Oklahoma Farm Report masthead graphic with wheat on the left and cattle on the right.
Howdy Neighbors!
Ron Hays, Director of Farm and Ranch Programming, Radio Oklahoma Ag Network  |  2401 Exchange Ave, Suite F, Oklahoma City, Ok 73108  |  (405) 601-9211

advertisements
   
   
   
   
   
   
   
   

Agricultural News


National Assoc. of Wheat Growers Says Trade Conflict with China Already Hurting U.S. Farm Families

Fri, 06 Jul 2018 11:12:39 CDT

National Assoc. of Wheat Growers Says Trade Conflict with China Already Hurting U.S. Farm Families From March to June over the past three years, Chinese flour milling companies and their importers purchased an average of about 20 million bushels of U.S. wheat, returning well over $145 million to American farm families and grain handlers. Not in 2018, however. Unable to accept the risk of escalating import prices, Chinese customers stopped making new purchases of U.S. wheat last March, after the Chinese government threaten a 25 percent import tariff on U.S. wheat in retaliation to the threat of U.S. tariffs on Chinese imports.


Today, damage to the livelihood of America’s hard-working farm families is no longer just a threat. The exchange of punitive tariffs between Washington and Beijing today represents the next phase of what could be a long and difficult struggle that will likely inflict more pain before we reach an unknown resolution.


U.S. Wheat Associates (USW), the National Association of Wheat Growers (NAWG) and the growers we represent reaffirm our position that unfair Chinese government policies create unnecessary trade distortions that hurt U.S. farmers and other industries. We urged the U.S. government to challenge China’s domestic price support and tariff rate quota compliance that led to cases disputing these policies within the World Trade Organization (WTO). These cases served notice to China and our trading partners that the United States was willing to lead a legitimate effort to enforce existing trade rules - by following those rules.


China did not stop importing U.S. wheat in response to these cases, in part because Chinese demand for our high-quality wheat crops is rapidly growing. The unilateral decision to impose tariffs, however, has already had a direct, damaging effect on U.S. wheat growers.


Wheat growers can only hope that the United States and China will stop trading salvos and we call on both governments to come to a resolution quickly. Farmers are eager to move past this dispute and start trading wheat and other agricultural products again soon.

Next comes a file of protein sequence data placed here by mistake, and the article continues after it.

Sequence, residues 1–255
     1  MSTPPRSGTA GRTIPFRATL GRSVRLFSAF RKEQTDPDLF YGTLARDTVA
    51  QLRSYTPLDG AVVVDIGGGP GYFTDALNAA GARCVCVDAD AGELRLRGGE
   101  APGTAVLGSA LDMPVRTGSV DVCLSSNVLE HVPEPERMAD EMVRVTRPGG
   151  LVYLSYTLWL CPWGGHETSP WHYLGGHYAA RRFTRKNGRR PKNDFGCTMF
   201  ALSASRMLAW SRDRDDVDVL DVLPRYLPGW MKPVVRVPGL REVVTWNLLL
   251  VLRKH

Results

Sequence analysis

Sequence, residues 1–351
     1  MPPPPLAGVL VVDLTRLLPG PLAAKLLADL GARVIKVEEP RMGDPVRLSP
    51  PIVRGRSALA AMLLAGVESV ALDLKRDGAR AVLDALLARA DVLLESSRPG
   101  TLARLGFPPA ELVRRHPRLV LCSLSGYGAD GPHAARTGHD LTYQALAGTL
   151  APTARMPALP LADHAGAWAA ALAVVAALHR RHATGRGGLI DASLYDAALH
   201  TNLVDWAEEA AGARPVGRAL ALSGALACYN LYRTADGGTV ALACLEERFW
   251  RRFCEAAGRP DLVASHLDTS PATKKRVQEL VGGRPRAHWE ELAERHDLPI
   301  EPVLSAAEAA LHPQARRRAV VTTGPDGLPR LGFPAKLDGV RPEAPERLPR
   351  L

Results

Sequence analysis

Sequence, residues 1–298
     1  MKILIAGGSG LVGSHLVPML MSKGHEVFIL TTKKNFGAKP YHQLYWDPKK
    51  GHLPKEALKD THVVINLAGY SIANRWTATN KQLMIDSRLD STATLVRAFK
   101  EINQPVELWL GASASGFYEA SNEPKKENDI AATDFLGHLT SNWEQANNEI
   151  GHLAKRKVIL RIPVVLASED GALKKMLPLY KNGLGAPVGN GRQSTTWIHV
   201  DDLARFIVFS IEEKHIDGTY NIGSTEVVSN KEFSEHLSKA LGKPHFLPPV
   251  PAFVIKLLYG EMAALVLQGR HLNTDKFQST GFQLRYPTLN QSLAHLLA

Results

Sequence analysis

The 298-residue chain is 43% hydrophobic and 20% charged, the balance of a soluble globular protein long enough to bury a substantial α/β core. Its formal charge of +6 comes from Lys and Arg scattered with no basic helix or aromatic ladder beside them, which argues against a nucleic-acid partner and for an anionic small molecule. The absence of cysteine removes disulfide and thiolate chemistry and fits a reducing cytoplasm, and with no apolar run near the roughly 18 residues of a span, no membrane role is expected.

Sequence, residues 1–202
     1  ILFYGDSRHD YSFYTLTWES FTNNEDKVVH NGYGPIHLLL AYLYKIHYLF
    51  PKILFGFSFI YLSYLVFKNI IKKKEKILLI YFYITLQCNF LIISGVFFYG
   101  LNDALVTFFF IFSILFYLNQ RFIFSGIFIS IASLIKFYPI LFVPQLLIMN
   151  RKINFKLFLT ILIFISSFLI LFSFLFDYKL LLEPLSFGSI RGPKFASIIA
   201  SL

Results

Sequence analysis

Source - National Association of Wheat Growers




   

 

WebReadyTM Powered by WireReady® NSI

 


Top Agricultural News

  • Scott Blubaugh Elected President of the AFR/OFU Farm Organization for a Three Year Term at the 2019 Annual Convention  Sun, 17 Feb 2019 18:45:16 CST
  • Green New Deal Would Destroy American Ranchers And Dictate America's Diet  Fri, 15 Feb 2019 16:29:26 CST
  • Oklahoma Grain Elevator Cash Bids as of 2:00 pm Friday February 15, 2019  Fri, 15 Feb 2019 16:10:07 CST
  • Friday Market Wrap-Up with Justin Lewis  Fri, 15 Feb 2019 15:14:09 CST
  • Perdue Approves of President Trump's Signing of Appropriations Bill, National Emergency Declaration   Fri, 15 Feb 2019 14:24:54 CST
  • Friday Afternoon Market Wrap-Up with Carson Horn  Fri, 15 Feb 2019 14:17:35 CST
  • Growers Leave Their Mark on Capitol Hill at Conclusion of 2019 Wheat Industry Winter Conference  Fri, 15 Feb 2019 12:50:36 CST
  • OGI Unveils Next Phase in Plans to Extract the Maximum Value from OSU Derived Wheat Varieties  Fri, 15 Feb 2019 12:31:29 CST

  • More Headlines...

       

    Ron salutes our daily email sponsors!

    Herbs Herb Oklahoma Ag Credit Oklahoma Farm Bureau National Livestock Credit P&K Equipment Oklahoma City Farm Show Stillwater Milling KIS FUTURES, INC. Oklahoma Cattlemen's Association

    Search OklahomaFarmReport.com


       
       
    © 2008-2019 Oklahoma Farm Report
    Email Ron   |   Newsletter Signup   |    Current Spots   |    Program Links

    WebReady powered by WireReady® Inc.